Make your way to the top
The Tribune, 14 April 2007
“Mountain biker ahead,” I shouted to my hiking companions just below me.
The helmet-less cyclist was walking his bike downhill; an obvious mechanical problem had him out of the saddle. Our group of seven paused to let him pass. He grinned as he said hello, then showed me his flat tire. The irony was that I was carrying my usual backpack but sans bike repair tools — I’d left them at home to save weight on this outing.
It was a clear, cool Februar y morning and a slight breeze had us dressed in layers. We were near 3,000 feet, about halfway up the Santa Cruz Trail, heading for the summit of Little Pine Mountain, 1,500 feet higher. We’d left San Luis Obispo three hours earlier and parked at Upper Osos Campground, by the Pine Mountain jeep road gate.
Too early for spring wildflowers, we were still buoyed by the fresh carpet of grass and new foliage in the chaparral. Pausing for a snack, we gazed at Little Pine’s summit directly above.
“The overhanging switchbacks are just ahead,” I mentioned to the gang, recalling how a Santa Barbara trails club had built several wood and metal platforms to hold back the dirt of the continuously eroding trail.
Several years earlier I had watched in fascination as my friend Steve Hauser floated his bike across the platforms, oblivious to the cliff on his right. That day I’d gingerly walked my bike over those same sections, but today, with trekking poles in hand, we all hiked comfortably across.
Above the hanging switchbacks the trail crossed a steeply sloping meadow, the peak now out of sight above. The gentle breeze grew colder, but our exertion kept us comfortable under light jackets. The Channel Islands were gradually coming into view over the coastal ridge southwest of us. Santa Cruz and Santa Rosa were gracing the horizon; in the distance we could just make out San Miguel. Lake Cachuma was to the west and far off we could pick out the village of Solvang.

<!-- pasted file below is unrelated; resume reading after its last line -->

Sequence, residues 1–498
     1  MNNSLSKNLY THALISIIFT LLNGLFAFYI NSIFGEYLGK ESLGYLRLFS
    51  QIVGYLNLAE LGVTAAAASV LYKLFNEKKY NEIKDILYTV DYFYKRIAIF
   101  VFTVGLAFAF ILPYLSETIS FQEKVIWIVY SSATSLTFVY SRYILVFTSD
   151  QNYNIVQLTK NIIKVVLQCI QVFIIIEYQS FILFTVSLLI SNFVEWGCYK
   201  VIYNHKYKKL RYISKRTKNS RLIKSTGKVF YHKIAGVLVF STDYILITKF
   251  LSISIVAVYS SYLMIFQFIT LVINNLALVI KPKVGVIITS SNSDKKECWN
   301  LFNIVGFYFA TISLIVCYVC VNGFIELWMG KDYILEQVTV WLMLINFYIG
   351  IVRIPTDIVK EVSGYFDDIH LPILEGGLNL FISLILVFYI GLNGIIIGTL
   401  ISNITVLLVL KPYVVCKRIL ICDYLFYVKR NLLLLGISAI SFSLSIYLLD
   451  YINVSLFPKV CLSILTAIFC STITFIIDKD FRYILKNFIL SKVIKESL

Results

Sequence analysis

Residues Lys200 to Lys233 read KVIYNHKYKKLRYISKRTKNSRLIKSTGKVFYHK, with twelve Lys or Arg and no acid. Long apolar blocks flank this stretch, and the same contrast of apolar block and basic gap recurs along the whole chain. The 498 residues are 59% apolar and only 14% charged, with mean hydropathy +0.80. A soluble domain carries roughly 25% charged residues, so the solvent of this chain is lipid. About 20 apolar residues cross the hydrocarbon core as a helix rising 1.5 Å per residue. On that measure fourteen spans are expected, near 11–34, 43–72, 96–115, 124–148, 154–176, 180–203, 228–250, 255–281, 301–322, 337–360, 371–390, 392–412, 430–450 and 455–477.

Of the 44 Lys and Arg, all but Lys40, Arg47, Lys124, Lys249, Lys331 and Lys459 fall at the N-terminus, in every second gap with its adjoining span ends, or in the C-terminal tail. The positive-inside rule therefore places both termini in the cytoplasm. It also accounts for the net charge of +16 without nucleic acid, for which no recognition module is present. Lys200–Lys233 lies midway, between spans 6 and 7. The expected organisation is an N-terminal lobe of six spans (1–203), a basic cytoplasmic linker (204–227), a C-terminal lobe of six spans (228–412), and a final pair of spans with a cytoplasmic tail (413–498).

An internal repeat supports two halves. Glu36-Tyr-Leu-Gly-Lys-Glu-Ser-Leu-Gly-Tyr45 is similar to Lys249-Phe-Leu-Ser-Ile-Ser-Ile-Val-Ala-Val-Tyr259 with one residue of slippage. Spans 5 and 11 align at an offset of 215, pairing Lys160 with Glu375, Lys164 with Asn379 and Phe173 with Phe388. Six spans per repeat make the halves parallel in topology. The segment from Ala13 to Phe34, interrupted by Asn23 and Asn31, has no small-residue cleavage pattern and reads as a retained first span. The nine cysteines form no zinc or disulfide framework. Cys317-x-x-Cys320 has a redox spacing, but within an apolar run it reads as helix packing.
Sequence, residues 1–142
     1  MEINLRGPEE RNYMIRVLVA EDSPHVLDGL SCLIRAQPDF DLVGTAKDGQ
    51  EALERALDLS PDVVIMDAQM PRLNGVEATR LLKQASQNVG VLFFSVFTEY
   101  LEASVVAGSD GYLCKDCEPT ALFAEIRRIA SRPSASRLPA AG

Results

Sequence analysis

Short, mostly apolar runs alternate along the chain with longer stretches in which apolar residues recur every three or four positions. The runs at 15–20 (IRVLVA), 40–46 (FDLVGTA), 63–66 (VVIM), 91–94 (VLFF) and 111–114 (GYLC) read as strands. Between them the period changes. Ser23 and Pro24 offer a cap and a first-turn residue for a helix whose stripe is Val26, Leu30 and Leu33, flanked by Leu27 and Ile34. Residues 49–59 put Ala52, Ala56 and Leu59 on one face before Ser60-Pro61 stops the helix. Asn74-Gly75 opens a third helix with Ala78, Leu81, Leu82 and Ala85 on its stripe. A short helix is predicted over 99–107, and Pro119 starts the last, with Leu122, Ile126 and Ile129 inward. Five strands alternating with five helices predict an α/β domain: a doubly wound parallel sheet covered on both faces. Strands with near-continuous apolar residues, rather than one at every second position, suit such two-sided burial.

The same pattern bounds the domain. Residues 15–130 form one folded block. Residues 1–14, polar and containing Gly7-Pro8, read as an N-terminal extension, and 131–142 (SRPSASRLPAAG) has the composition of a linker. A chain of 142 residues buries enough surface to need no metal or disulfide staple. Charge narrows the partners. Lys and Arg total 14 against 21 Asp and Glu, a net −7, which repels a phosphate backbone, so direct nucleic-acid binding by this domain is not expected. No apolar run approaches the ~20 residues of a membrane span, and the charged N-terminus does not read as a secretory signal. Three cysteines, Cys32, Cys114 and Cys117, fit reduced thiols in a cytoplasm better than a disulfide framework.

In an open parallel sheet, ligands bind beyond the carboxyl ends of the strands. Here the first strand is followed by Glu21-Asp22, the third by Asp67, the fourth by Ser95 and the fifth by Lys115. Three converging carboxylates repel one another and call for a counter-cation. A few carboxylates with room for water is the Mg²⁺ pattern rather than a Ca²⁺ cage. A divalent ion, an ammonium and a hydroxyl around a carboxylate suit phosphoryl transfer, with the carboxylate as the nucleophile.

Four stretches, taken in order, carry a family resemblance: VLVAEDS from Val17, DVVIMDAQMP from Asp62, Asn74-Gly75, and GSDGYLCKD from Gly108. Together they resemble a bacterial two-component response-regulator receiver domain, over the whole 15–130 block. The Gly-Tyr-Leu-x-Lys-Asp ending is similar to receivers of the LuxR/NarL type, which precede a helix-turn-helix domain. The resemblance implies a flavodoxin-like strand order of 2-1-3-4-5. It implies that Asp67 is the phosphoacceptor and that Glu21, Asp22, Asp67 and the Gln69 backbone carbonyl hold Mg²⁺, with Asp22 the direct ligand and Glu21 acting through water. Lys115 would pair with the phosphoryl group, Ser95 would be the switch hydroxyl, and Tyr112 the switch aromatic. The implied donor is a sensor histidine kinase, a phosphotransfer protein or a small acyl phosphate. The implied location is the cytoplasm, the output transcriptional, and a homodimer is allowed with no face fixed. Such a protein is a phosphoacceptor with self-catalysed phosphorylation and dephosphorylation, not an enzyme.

The trail now edged along a steep chaparral slope, which became a cliff several hundred yards farther. I recalled riding down it on my mountain bike, always tense, uncomfortable with the exposure and the obvious danger it presented. But today on foot, it was just an interesting diversion.
At a rusty old hitching post, located on a small headland along the cliff, our trail veered north and up a steep hill. Trail crews had recently revised its route — a series of tight but well-graded switchbacks brought our gang to the junction just below Little Pine’s summit. Taking the right fork, the left would have led us to the jeep road, a five-minute trudge brought us to our goal.
What a spot for a picnic. Four Channel Islands, including Anacapa, stood out at arm’s length; Point Mugu was visible to the southeast; and snowcapped Reyes Peak framed the northeast horizon. We enjoyed a leisurely but chilly half-hour on the peak. Refreshed, my friends and I began the downhill stroll back to Upper Osos Campground. And I had learned a valuable lesson: To view scenery and wildlife, it’s more enjoyable to hike a trail than to ride it.